Both the Overwatch League and the Dallas Fuel have taken action against a professional gamer who insulted a fellow competitor on his personal live stream following a match. Fuel player Felix ‘xQc’ Lengyel has been suspended for two weeks (4 games) by the Overwatch League, with a fine of $2,000, and the Dallas Fuel team have also added a futher week to the suspension.
The insult came after a match between the Dallas Fuel and the Houston Outlaws. Following a 4-0 win by the Outlaws, their player Austin ‘Muma’ Wilmot used Lengyel’s signature phrase ‘rolled and smoked’, which caused Lengyel to unlease various insults on his personal stream. As Wilmot is an openly gay esports gamer, the fact that Lengyel resorted to an homophobic insult was particularly big issue.
Legyel did apologies fairly promptly via Twitter after Wilmot highlighted the comment in his own personal stream. And Wilmot did accept the apology.
I didn’t say what I said on stream with malicious intent, I legit did not compute the whole thing before. I speak too fast, everything happens too fast. Everything is so fking trash lately. Hope I can turn this into something good, sorry @Muma :/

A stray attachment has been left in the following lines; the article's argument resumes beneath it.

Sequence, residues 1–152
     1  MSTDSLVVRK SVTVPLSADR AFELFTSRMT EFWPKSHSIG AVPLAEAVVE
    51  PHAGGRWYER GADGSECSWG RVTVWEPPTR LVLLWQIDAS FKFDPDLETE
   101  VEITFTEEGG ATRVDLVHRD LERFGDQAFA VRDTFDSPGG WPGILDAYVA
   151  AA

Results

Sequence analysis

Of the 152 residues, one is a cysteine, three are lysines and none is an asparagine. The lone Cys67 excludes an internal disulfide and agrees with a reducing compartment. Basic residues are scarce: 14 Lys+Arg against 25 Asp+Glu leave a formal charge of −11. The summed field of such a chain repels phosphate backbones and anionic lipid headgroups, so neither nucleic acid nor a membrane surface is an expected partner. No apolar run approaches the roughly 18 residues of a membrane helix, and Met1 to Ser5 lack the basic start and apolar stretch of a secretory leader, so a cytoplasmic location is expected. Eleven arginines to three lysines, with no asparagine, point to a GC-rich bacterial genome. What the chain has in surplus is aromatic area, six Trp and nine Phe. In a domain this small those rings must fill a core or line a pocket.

— xQc (@xQc) January 19, 2018
And it’s also good to see that not only is the Overwatch League responding quickly and clearly. But Dallas Fuel have not only issued a suspention of their own, but they’ll also be offering additional resources and support while Lengyal is unable to train with his team-mates.
— Dallas Fuel (@DallasFuel) January 20, 2018
A spokesperson is also quoted by Mashable explaining more of the details of what will happen.
“The Fuel’s decision to extend the league’s suspension of Felix and make additional resources available to him in the interim is based in the organization’s belief of how it can best help xQc grow as a professional,” the spokesperson said. “No one can argue that Felix is passionate and extremely competitive — on some occasions, to his own detriment. During the time xQc will be suspended from league matches, coaches and trainers will work with Felix to help him channel the competitive personality that has made him a great Overwatch player into achieving the levels of balance, focus and discipline in his life that are increasingly important to his development as a teammate and professional player in this league.”
So it seems like a combination of prompt action and support to help Lengyel avoid both saying something which is clearly wrong, and also potentially inspiring young fans to do the same should result in a positive outcome. Which is important given that we’ve seen an Overwatch pro fired in the past for a tirade of racism on a livestream and one team manager fired after allegations of sexual assault (both prior to the official Overwatch League starting). And it’s a little tougher than many examples of similar actions in real world sports, which shows the high standard Blizzard and the Overwatch League are aiming for.